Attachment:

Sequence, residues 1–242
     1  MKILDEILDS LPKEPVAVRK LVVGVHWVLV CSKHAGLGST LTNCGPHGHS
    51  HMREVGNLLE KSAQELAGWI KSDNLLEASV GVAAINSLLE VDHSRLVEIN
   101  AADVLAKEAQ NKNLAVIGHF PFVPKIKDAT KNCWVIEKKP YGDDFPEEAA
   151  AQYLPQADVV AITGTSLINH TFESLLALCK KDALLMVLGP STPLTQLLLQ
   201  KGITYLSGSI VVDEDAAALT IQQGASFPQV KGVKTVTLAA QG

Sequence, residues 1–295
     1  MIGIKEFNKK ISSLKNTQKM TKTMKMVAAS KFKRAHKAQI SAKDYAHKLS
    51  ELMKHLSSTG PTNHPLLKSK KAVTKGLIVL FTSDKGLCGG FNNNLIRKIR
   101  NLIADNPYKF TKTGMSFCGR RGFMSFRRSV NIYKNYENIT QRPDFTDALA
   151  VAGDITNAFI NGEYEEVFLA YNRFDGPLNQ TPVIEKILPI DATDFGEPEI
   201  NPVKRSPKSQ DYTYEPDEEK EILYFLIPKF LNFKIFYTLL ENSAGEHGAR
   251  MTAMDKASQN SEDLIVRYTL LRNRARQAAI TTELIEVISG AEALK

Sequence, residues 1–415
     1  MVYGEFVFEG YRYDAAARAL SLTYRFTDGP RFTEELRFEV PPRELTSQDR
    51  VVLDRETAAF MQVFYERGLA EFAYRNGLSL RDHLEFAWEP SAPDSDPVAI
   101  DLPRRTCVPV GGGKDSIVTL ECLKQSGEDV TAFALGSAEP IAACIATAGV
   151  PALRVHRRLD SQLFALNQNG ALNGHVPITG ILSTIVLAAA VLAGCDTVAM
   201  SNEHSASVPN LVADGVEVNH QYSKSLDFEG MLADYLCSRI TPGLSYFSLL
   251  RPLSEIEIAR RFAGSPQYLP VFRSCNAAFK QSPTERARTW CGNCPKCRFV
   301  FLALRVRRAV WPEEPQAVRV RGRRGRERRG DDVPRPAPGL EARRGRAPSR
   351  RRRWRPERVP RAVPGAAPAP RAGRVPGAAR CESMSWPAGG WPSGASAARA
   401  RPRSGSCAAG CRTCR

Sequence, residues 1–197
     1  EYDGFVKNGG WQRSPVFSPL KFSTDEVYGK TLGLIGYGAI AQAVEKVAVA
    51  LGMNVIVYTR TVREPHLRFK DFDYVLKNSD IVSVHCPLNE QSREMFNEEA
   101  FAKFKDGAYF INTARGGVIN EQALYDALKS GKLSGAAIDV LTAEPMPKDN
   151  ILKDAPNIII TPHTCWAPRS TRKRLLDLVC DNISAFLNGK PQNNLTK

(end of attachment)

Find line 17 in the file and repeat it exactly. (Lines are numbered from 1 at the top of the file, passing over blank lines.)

   101  DLPRRTCVPV GGGKDSIVTL ECLKQSGEDV TAFALGSAEP IAACIATAGV